“10 social enterprises came together to form a collective that would share resources and skillset in order to make the movement a success,” Rashvin says.
The social enterprise which was founded in 2013 underwent a tough but rewarding journey. As interest from corporates picked up along the way, so did discussions revolving around ethics and sustainability.
“Companies would inquire if the supply chain process they are involved in are ethical and this even extended to the type of materials used,” he says.
However, since the MCO was implemented, Rashvin points out that sustainability efforts have taken a dip. He attributes this to the shift of focus to healthcare and economic issues. “While people see the importance of sustainability, it’s not considered as a critical issue. People are still looking at it as a separate agenda,” he says.
“If we want to avoid future public health crisis, future economic policies must take into account environmental issues. Poor appreciation of environmental issues cannot go on,” Rashvin says.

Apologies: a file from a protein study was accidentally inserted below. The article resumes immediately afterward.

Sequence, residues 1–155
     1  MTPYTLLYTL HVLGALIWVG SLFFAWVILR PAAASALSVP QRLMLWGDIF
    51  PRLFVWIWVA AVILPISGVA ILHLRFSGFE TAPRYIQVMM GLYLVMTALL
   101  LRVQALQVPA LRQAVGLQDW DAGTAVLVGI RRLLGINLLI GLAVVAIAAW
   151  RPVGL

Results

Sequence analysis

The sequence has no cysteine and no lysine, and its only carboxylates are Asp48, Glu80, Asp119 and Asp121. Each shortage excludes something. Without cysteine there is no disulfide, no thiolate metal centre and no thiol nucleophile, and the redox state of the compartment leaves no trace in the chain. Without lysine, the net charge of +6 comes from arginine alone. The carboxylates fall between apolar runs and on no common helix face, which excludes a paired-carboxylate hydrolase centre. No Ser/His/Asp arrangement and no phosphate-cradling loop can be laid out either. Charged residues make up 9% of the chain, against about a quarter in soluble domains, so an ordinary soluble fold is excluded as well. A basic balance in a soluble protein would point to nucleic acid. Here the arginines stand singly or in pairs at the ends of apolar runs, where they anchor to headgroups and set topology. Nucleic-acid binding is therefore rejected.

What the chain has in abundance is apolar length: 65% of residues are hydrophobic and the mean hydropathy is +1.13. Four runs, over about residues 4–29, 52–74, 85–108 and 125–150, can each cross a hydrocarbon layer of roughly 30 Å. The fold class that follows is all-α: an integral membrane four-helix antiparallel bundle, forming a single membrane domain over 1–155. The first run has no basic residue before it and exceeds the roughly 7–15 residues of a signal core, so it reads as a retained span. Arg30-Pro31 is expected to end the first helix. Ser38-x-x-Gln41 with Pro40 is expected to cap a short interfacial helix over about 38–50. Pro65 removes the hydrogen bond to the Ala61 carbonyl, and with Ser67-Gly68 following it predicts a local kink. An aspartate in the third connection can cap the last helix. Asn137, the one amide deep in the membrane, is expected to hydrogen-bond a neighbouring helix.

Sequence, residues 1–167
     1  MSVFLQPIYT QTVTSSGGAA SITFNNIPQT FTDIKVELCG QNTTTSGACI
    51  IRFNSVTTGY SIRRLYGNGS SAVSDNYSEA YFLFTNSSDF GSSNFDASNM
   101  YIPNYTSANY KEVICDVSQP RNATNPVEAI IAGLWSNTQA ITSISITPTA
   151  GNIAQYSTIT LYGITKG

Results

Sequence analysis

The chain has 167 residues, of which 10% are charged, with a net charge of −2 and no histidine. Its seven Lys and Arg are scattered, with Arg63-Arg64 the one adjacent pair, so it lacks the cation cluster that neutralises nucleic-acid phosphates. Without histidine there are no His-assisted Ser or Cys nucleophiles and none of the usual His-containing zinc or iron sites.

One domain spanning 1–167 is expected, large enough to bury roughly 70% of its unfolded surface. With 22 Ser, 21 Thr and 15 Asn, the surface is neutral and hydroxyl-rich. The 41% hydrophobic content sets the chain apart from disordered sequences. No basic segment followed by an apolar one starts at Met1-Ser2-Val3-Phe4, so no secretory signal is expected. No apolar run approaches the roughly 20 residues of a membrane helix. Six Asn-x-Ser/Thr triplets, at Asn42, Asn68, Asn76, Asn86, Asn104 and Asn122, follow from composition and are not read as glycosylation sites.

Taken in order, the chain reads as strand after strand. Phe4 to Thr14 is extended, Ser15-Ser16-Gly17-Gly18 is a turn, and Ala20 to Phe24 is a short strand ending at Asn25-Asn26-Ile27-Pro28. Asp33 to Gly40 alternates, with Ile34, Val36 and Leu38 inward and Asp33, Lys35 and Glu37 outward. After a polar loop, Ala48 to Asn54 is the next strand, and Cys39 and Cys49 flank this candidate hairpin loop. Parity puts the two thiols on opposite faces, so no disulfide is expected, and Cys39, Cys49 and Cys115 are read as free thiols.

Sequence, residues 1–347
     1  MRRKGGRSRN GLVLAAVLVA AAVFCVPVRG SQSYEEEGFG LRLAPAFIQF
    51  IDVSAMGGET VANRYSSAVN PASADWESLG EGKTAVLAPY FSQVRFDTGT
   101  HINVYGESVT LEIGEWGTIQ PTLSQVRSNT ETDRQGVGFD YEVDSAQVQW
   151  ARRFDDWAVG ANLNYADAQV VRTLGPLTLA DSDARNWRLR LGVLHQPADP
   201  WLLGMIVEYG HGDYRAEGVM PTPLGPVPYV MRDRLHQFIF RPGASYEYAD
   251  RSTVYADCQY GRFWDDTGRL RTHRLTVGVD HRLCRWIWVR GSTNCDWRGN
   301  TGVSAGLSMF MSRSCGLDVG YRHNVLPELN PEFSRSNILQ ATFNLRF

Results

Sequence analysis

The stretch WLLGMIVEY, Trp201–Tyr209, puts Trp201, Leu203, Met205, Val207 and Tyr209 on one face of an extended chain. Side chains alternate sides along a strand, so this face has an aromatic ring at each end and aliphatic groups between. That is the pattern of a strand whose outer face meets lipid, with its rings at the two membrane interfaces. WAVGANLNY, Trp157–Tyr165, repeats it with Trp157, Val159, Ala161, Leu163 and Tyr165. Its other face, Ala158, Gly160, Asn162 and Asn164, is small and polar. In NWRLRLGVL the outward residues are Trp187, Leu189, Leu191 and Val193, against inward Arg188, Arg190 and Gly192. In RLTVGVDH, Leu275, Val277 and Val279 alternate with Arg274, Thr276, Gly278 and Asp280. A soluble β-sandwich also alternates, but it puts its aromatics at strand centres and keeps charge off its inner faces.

In terms of awareness, the group ceo points out that over the years it has increased and is no longer just part of conversations among the youth. According to Rashvin, it has since extended to age groups between 35 and 40 and those 60 and above.
“When we started, the awareness level was around 20% and now it has gone up to 50%.”
“People are now more aware because all of it is interconnected however the question remains if the awareness will translate into action,” he says. A number of people, according to Rashvin, still finds the role of a social enterprise novel and in some cases, it is even met with skepticism.
As part of its efforts to increase awareness and engagements, the social enterprise have been engaging with the youth via e-sports competitions and while it has proven to be effective thus far, Rashvin hopes to attract the younger segment to engage with the Initiative on a longer basis.
“Translating the existing engagement into getting the youth to do classes with us for instance is proving to be challenging. It also poses the question of how comfortable are people with using devices for the time being to deliver classes?,” Rashvin points out.